What is it?
Rotavirus is the most common cause of severe diarrhea in infants and children worldwide, according to the Centers for Disease Control and Prevention. Most children have at least one bout with rotavirus by age 2 or 3.
Although rotavirus infections are unpleasant, you can treat most of them at home with extra fluids to prevent dehydration. Occasionally, severe dehydration requires intravenous fluids in the hospital. Dehydration is a serious complication of rotavirus and a major cause of childhood deaths in developing countries.
Rotavirus infections are most common in winter and spring. Vaccines can help prevent rotavirus infection in your infant. For older children and adults — who aren't as likely to develop serious symptoms of rotavirus — frequent hand washing is the best line of defense.
A rotavirus infection usually starts with a fever, followed by three to eight days of watery diarrhoea and vomiting. The infection can cause abdominal pain as well. In adults who are otherwise healthy, a rotavirus infection may cause only mild signs and symptoms — or none at all.
Rotavirus is present in an infected person's stool several days before symptoms appear for up to 10 days after symptoms subside. The virus spreads easily through hand-to-mouth contact throughout this time — even if the infected person doesn't have symptoms.
If you have rotavirus and you don't wash your hands after using the toilet — or your child has rotavirus and you don't wash your hands after changing your child's diaper or helping your child use the toilet — the virus can spread to anything you touch, including food, toys and utensils. If another person touches your unwashed hand or a contaminated object and then touches his or her mouth, an infection may follow.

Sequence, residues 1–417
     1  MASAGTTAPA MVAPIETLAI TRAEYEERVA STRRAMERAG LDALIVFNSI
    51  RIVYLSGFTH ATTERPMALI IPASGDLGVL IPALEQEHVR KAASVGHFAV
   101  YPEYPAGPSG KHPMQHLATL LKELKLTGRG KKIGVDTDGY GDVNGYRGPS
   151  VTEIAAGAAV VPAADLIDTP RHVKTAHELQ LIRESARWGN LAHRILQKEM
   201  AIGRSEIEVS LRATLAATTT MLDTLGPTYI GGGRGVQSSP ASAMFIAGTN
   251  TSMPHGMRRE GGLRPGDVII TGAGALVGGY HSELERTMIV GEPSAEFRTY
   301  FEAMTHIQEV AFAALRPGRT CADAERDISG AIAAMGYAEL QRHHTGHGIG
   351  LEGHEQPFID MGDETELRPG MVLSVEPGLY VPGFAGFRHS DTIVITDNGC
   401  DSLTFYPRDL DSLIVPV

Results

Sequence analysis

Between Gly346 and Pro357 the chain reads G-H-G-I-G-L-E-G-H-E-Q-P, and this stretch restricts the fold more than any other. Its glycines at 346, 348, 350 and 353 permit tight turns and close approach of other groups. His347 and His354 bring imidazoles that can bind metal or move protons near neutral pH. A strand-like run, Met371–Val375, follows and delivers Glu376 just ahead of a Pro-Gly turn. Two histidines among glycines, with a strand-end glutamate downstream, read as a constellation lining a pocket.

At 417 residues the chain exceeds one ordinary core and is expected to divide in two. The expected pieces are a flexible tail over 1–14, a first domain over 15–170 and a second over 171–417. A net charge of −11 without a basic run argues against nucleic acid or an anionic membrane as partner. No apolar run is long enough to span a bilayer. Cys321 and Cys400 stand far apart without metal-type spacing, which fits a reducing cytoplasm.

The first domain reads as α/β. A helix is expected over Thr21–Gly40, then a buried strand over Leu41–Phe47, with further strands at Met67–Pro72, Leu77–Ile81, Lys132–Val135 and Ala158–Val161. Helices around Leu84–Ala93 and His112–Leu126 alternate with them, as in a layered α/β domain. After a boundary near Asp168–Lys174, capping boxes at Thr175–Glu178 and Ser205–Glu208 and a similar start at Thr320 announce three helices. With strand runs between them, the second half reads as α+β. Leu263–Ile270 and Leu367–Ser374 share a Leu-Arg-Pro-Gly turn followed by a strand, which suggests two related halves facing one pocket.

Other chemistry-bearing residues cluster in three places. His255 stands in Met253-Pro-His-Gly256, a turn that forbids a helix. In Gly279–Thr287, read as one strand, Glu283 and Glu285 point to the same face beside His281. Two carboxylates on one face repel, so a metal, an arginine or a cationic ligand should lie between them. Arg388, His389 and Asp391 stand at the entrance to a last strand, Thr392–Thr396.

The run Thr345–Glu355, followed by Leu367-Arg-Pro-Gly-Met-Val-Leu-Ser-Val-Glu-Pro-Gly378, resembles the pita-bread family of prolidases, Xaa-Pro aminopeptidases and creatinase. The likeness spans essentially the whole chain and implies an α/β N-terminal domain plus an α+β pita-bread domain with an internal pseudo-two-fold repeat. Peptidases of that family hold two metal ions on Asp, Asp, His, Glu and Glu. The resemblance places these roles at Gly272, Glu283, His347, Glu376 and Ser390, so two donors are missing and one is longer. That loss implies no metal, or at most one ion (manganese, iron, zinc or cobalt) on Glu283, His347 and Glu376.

Sometimes rotavirus spreads through contaminated water or infected respiratory droplets coughed or sneezed into the air.
Because there are many types of rotavirus, it's possible to be infected more than once. However, repeat infections are typically less severe.
Rotavirus infections are most common in children ages 4 months to 24 months — particularly those who spend time in child care settings. Older adults and adults caring for young children have an increased risk of infection as well.
Severe diarrhoea can lead to dehydration, particularly in young children. Left untreated, dehydration can become a life-threatening condition.
Rotavirus is often diagnosed based on symptoms and a physical exam. A stool sample may be analysed in a lab to confirm the diagnosis.